This page contains archives of the ‘Did You Know’ series. 

Check back occasionally for further updates to continue to invest in knowledge.

Archive of ‘Did You Know’?


                    Research Consulting

Invest in Knowledge                        

Did you know? 


When fully hydrated, a compacted sodium bentonite makes an effective hydraulic barrier due to the high tortuosity of flow paths.


(Figure adapted from Hornsey W, Gates WP, Buckley J. 2009. Geosynthetic clay liners – Is the key component being overlooked?  GIGSA GeoAfrica 2009 Conference. Capetown, September 2009.)

Did you know?


Smectites are poorly crystalline minerals which cannot be easily characterized by traditional methods, despite more than 100 years of effort.  Accurate characterization requires multiple spectroscopic and physical techniques.  The result is an average crystal chemical picture.


Figure at right is one such estimation of the array of octahedral cations in the Nibost smectite as deduced from analysis of the infrared spectra.  The tetrahedral sheets have not been included in this representation.


See Gates 2008 Clays and Clay Minerals, 56:11-23 for further details.

Did you know? 

Pore-filling reactions in bentonites, due to alkaline-induced dissolution/precipitation reactions, can enhance the barrier performance of geosynthetic clay liners.


(Picture from Gates and Bouazza, 2010, Geotextiles and Geomembranes, 28,219-225 )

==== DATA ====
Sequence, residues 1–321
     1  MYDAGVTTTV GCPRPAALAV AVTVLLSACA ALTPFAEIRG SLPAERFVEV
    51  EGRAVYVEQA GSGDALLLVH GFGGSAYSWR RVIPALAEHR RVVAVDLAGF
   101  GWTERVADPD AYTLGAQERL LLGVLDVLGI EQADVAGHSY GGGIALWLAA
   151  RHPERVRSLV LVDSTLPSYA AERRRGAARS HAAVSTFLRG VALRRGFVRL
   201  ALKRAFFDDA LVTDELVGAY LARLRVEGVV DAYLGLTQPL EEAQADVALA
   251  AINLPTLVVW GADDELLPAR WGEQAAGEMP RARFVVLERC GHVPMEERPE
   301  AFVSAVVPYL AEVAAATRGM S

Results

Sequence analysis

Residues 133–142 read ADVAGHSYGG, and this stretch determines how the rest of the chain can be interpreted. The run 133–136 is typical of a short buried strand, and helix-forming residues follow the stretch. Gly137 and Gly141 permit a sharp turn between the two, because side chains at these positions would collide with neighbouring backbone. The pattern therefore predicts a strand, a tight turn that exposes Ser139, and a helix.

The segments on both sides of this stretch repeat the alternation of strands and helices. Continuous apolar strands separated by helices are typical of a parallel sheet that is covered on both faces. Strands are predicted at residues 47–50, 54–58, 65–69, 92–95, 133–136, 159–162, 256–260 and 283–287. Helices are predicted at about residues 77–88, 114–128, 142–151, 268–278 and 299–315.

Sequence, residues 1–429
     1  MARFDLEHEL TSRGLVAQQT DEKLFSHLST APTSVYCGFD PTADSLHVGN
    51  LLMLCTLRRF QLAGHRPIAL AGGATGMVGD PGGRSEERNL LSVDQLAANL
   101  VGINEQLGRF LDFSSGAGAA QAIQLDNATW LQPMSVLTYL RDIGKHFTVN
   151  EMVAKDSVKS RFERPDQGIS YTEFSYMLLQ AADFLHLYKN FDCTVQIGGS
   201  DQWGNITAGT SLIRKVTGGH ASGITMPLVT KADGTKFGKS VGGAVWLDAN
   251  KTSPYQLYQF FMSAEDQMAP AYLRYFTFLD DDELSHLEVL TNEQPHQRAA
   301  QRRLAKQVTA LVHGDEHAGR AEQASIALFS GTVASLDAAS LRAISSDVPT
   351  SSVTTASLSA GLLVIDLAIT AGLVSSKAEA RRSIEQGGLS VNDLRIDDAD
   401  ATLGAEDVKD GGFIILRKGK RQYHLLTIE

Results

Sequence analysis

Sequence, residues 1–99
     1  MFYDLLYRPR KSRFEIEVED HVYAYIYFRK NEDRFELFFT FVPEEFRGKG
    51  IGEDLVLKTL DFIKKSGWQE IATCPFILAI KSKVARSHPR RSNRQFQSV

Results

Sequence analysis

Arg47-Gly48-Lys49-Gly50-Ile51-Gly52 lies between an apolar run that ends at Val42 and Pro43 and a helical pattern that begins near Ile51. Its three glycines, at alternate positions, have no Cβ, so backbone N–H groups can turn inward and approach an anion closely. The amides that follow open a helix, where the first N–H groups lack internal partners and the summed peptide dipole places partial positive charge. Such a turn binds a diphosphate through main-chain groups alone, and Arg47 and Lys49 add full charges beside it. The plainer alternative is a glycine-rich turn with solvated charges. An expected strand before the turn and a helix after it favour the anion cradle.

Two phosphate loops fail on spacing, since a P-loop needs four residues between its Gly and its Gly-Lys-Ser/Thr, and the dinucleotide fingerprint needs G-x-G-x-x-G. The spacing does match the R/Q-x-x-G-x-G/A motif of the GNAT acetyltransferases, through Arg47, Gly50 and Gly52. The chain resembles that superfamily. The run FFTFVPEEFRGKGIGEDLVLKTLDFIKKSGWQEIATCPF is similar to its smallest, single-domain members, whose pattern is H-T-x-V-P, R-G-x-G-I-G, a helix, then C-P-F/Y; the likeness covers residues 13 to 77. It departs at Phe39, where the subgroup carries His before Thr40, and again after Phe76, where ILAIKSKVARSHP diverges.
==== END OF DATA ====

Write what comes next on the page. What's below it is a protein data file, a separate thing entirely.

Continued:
Copyright 2006-2014

Did you know? 

The strong water absorption capability of smectites underpins the fact that bentonites are one of the most useful industrial minerals.  Water is held in many different energy states, so that some is released easily, but some is retained strongly. 

(Figure adapted from Gates et al. 2012 J Physical Chemistry C. 116:5558-5570.)

Did you know? 

Bentonites are widely used as components of environmental barriers in landfills, tailings dams and impoundments. Not all bentonites behave the same when reacting with typical leachates in the environment, which means that each bentonite should be ‘compatibility’ tested and assessed for specific applications.

The above graph depicts the ratio of Fluid Loss at each concentration of NaCl to its value in deionised water. The fluid loss of even high performance bentonites can increase by 10—20 times in 5 M NaCl (about 10x the salinity of seawater).  Such behavior must be accounted for in designs by environmental engineers.

(Figure from Gates et al., submitted to the ACMS22 conference)

Did you know? 

Reflectance spectra from the Mars orbiter CRISM indicates the presence of smectites on the surface of Mars?  Careful comparisons with Earth-based laboratory studies indicates that aluminium-rich beidellite is present in areas like Nili Fossae and Mawrth Vallis.  (Figure adapted from Bishop et al. 2011 Clays & Clay Minerals, 59:376-397)